5. Ratio of Sales Qualified Leads (SQL) to Marketing Qualified Leads (MQL): The reality of lead generation is that not every lead that your marketing team generates and delivers will evolve into a legitimate sales opportunity. And because calculating CAC requires you to factor in the cash spent on lead generation in total (regardless of whether those efforts yielded SQLs or MQLs), this metric can speak to the efficiency and quality of your lead generation efforts. The higher your ratio of SQLs to MQLs, the more likely it is that your sales and marketing teams are aligned and making the most of lead gen expenditure. Ultimately, that can have a big impact on CAC and, by default, every other metric on this list.

SQL-to-MQL Ratio = Sales Qualified Leads : Marketing Qualified Leads

Honing in on More Granular Metrics and Performance Measurements

While each of the metrics listed above will give you a big picture view of your business, there are numerous other metrics that your SaaS company needs to track if it hopes to accurately calculate those measurements and put them into context.

What are some other key performance indicators?

6 SaaS Metrics that Really Matter

For example, some additional metrics for gauging sales performance include:

  • Leads to opportunities ratio
  • Opportunities to wins ratio
  • Sales cycle duration (period of days)
  • Average deal size
  • Bookings per rep
  • Win rate
  • Pipeline growth
  • Pipeline coverage
  • Trials or customers in process

Ultimately, measuring each of those things will allow you to understand the efficiency of your sales organization, as well as perform more thorough capacity management and resource planning.

For instance, if your average deal size is $5,000 and each sales rep books 10 deals per quarter, you can reasonably estimate that the capacity of each rep is $50,000 in revenue per quarter. So, if your goal is to generate $250,000 in bookings per quarter, then you will need at least five reps to do that. Additionally, if you notice that one rep is only generating $20,000 in revenue per quarter and that person’s win rate and pipeline growth are below average, you may need to intervene and either coach that rep up, or let that person go before he or she costs you too much money.

For your marketing organization, there are several additional smaller scale metrics that you should be tracking, as well. These can include cost per lead, program efficiency relative to each dollar of ACV, web traffic conversion rate, and lead capture efficiency (i.e., how many leads does each marketing tactic yield relative to the investment made in that tactic). Measuring those metrics is critical to truly understanding the effectiveness of individual marketing initiatives and channels, and ultimately deciding which tactics should receive more or less funding.

Of course, the metrics that are most relevant to your business may differ from those that are important to another SaaS company. As such, it is important to fully examine your economic model and identify the measurements that most accurately reflect the health of your company. From there, sales and marketing performance measurement is all about having the discipline to actually use the data you collect to do something productive.

Whether that means patching holes in your sales and marketing processes, ramping up spending on tactics and initiatives that are working, or adding headcount to reach certain revenue objectives, this metrics-driven approach will drastically improve your ability to drive growth in the smartest, most cost-effective manner possible.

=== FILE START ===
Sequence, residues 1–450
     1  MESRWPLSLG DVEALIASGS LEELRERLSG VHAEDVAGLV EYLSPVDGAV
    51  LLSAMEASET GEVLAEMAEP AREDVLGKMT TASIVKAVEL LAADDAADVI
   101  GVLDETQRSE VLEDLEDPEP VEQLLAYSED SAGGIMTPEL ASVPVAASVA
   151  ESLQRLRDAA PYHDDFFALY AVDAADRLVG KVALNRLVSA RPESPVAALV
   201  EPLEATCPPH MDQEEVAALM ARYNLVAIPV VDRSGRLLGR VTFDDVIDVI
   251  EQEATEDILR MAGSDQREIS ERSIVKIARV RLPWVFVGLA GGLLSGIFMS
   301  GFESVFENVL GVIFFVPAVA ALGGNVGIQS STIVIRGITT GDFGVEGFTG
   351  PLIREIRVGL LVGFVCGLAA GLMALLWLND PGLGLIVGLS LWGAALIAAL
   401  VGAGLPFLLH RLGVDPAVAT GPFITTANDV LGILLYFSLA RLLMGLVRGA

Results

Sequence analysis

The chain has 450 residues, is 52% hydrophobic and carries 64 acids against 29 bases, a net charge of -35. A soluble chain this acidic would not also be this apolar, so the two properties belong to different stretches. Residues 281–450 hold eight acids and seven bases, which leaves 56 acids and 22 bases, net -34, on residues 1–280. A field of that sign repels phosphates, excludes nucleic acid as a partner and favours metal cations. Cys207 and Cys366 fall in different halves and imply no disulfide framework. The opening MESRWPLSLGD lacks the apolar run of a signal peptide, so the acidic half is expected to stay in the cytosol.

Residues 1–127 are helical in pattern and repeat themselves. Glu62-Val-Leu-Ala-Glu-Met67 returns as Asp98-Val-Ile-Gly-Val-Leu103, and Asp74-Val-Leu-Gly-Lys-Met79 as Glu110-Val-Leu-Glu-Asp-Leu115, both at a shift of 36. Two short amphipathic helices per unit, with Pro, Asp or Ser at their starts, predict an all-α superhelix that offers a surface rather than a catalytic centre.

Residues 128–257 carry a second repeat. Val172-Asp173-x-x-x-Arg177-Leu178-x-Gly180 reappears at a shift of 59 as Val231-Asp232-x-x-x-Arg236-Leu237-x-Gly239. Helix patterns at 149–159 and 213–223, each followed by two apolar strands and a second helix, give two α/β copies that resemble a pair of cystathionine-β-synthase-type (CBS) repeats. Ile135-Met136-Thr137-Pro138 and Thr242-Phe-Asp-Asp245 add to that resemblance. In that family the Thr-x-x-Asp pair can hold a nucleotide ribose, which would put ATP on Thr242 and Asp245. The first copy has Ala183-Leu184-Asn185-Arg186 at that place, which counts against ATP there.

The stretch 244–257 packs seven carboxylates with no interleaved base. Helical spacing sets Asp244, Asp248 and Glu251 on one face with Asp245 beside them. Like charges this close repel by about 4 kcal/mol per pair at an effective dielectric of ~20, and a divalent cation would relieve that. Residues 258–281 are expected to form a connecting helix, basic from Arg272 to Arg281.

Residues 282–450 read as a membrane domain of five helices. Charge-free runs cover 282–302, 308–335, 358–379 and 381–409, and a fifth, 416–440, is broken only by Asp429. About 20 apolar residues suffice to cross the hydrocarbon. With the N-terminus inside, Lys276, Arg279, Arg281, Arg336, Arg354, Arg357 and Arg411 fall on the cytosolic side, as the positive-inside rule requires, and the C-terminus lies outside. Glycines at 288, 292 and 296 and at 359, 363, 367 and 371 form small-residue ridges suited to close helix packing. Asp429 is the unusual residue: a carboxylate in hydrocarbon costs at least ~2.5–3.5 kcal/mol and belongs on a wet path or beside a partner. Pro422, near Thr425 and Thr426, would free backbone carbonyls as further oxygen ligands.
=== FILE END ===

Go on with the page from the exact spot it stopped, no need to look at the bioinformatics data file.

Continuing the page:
What other metrics do you use for tracking sales and marketing performance?

Photo by: Auntie P

  • Bob Marsh

    For point 2 on marketing expenditure, do you only count marketing/advertising costs or should that also include the cost of salespeople? What about marketing people? And finally, what about business development reps that do cold calling and lead qualification?

    • Rick Faulk

      This should include the fully loaded cost of sales and marketing. All programs and all people as well.
      This would also include the cost of Biz Dev reps.

  • Terrific post Bob!
    On the lead generation & nurturing side of the house you are bang on with your insights!

    Here are some thoughts on related performance metrics.

    Because data can be overwhelming we focus clients on performance measurement related to their key objectives or challenges. On the marketing side those often break down to: attracting more qualified traffic (non-bounce visitors is a rough measure), converting traffic into profiled leads (completed forms), nurturing qualified engagement (% of database active in last 30 days), and qualifying sales readiness (number of MQL’s). Then we work to close the loop with sales side opportunity and revenue data.

    Of course how quickly you expand your performance measurement and management depends on the maturity, and size of the SaaS business.

    In practice it is often less about getting to a full marketing ROI calculation and more about prioritizing your effort to generate the results (like CAC) you need most.

    Cheers

    Scott Armstrong
    Brainrider – Better B2B Marketing

    • Rick Faulk

      I would agree – breaking out the most important metrics to focus on helps to create early and longlasting wins.

  • Stu Schmidt

    Great post Rick!

    The key to success is your comment “it’s all about having the discipline to actually use the data you collect to do something productive.” So often I see companies with great dashboards and multiple metrics without the “action loop” in place. It’s so important to take action and then quickly be able to see the impact. Many metrics and many programs can “feel good”, but often distract us from the “vital few”.

    • Rick Faulk

      Totally agree – dashboards without action are well … just dashboards!!

  • Joe Griffin

    Rick, thanks for the insight. What do you think about the idea of increasing CAC over time (so long as it remains under 2x your LTV, and preferable under 3x-4x your LTV)? I feel like as you saturate a market it can start costing more to acquire a customer, whereas some of the common advice is that saturation lowers CAC.